Erwin Markham

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Erwin Markham (1838-1914) was an investor who helped pioneer the American automobile industry. Between March 1892 and February of 1894, Markham invested a total of $2800 in Charles and Frank Duryea's project of creating a self-propelled road vehicle.

Personal life[edit]

Markham was born December 18, 1838 in Long Meadow, Massachusetts. The son of Solvin and Harriet Markham, he married Henrietta E. King on November 29, 1860. The 1872 Springfield Massachusetts Directory, lists Markham as a butcher, but by 1887 he had switched to nursing. When Charles Duryea asked him to support their efforts in an untried field, Markham risked his life savings to fund the project.[1]

In March 1892 Markham supplied the brothers with $1000. After Charles had finished his work, he moved back to Illinois. Frank ultimately scrapped his brother's design and approached Markham for another $1000. Markham agreed and continued to fund the project. When asking Markham for the third time, he demurred to Frank, "The thing's no good, Frank, and I have lost my money. No. All my savings will go. I'll have to quit now."[2] Frank offered to forgo his pay, and Markham agreed to another $800.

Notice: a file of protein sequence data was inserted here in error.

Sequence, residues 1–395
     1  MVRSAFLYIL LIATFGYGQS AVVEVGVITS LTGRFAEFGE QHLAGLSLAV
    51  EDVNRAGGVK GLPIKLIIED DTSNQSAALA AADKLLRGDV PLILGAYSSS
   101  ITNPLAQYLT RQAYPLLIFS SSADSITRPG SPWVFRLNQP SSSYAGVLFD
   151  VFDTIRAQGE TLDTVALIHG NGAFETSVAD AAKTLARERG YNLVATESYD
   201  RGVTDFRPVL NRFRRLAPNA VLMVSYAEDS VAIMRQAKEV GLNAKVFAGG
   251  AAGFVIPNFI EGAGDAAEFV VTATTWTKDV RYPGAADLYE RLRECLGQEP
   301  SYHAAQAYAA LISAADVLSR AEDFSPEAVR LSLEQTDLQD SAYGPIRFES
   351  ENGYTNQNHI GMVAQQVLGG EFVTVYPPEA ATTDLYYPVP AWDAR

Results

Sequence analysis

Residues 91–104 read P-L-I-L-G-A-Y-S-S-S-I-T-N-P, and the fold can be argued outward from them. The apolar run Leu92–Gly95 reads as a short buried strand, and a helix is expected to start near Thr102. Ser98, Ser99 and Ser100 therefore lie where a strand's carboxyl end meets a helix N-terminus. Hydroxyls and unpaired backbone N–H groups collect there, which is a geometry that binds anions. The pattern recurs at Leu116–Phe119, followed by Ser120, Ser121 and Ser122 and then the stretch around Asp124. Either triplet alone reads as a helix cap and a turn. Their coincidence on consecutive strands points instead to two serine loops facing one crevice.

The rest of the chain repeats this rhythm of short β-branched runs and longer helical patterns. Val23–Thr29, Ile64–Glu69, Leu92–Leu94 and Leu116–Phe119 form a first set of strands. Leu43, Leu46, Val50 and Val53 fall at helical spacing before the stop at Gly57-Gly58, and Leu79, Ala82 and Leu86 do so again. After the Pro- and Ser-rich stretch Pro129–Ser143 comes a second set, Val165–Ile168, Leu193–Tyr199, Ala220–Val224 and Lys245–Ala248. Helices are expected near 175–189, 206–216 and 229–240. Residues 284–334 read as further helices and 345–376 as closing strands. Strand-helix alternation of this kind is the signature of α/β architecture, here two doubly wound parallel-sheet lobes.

When Frank produced a practical vehicle in 1894, Markham declined to invest in production. He was bought out for $5000, an 80% return on his $2800 investment.[3]

In the 1900 census Markham was listed as a stock broker. In the 1909 Springfield directory he was listed as treasurer of the US Automatic Lighting Company. He died in 1914.

Notes[edit]

  1. ^ Scharchburg 1993, p. 51.
  2. ^ Scharchburg 1993, p. 84.
  3. ^ Scharchburg 1993, p. 87.

References[edit]

  • Scharchburg, Richard P. (1993). Carriages without Horses: J. Frank Duryea and the Birth of the American Automobile Industry. Warrendale, PA: Society of Automotive Engineers, Inc. 
  • Springfield (MA) Directory, 1872, 1887.
  • U. S. Census, 1880, 1900, 1910
  • Marriage and death certificates, www.ancestry.com.